A monthly column with rotating authorship, where Lateral asks some of our regular contributors to highlight a scientist, past or present, who changed, inspired or excited them.
Having no time for ambiguous terms in biology, Patrice Jones was led to Ashley Montagu, who fought for race to be dropped as a biological distinction at a time when it was embedded in culture.
Tessa Evans muses about the time she thought she might become a perfume chemist, inspired by Luca Turin, the man who (may have) made sense of scent.
Misunderstood for decades, pioneering geneticist Barbara McClintock prompted Jack Scanlan to wonder: what’s the point of scientific ideas if we can’t communicate them to others?
As one of the most successful and recognisable figures in Australian science journalism, Elizabeth Finkel's style and passion helped launch Nicki Cranna into a career that combines writing, art and science.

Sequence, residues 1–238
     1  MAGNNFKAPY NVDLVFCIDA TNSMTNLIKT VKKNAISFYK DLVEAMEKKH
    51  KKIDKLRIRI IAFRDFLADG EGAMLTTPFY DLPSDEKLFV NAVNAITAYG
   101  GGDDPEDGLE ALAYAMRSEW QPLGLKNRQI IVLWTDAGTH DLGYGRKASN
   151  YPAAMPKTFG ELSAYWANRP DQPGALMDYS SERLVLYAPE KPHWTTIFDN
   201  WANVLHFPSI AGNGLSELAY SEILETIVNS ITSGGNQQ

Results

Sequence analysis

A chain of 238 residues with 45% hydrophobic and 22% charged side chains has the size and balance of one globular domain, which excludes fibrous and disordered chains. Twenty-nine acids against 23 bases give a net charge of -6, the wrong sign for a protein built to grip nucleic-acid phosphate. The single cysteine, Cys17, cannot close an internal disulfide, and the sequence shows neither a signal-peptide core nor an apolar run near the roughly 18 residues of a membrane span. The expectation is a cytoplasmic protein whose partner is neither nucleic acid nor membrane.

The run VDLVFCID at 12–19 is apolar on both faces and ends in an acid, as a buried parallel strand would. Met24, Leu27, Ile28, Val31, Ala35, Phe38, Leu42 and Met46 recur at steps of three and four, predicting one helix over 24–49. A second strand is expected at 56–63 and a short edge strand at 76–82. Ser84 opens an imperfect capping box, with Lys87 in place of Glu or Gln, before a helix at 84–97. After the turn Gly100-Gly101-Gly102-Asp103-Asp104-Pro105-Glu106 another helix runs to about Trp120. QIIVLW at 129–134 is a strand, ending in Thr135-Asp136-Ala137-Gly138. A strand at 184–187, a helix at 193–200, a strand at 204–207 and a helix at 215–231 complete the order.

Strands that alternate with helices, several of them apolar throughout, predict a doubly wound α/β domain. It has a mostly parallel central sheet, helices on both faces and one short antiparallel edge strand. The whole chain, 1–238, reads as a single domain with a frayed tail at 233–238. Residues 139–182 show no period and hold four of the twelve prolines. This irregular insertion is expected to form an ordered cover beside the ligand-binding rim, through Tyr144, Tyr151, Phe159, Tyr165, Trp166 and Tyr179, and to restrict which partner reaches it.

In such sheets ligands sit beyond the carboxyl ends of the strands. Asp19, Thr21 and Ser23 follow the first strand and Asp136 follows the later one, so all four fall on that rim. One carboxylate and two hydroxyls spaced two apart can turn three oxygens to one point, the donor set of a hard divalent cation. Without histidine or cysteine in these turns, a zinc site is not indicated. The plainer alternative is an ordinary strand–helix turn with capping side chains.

His life was short and his scientific accomplishments modest, but Bruce Frederick Cummings’ personal journal made a lasting impact on Andrew Katsis.
He was a menace in the lab, but Oliver Sacks’ clinical compassion and insightful way with words inspires Clare Watson to keep an open mind while finding her own niche.
Famous for his Bad Science column in the Guardian, Ben Goldacre is a beloved science activist. For Ellen Rykers, he was the catalyst to get her out of the lab and into writing about science instead.
She stood out as a trailblazing woman in the field of theoretical biology. But for Diana Crow, the life and work of Lynn Margulis gives us lessons we can all put into practice.
Comparing ourselves to our heroes is never easy, especially when that hero made physics cool in the 80s. Tim Newport explores how imitating our idols doesn’t necessarily lead to success.
For a modern scientist, the ivory tower is no longer an option. Seeing how Pia Winberg formed partnerships with industry enthralled Nicole Fetchet as a new way of doing science.
In the Age of Enlightenment, she was a provocative figure who used all the tools at her disposal to rise to the top. But Nicola McCaskill despairs many are still unenlightened about her fascinating life.
What do you do when your science is a bust? For Emma Beckett, the most famous failed experiment in the history of physics was nothing short of revelatory.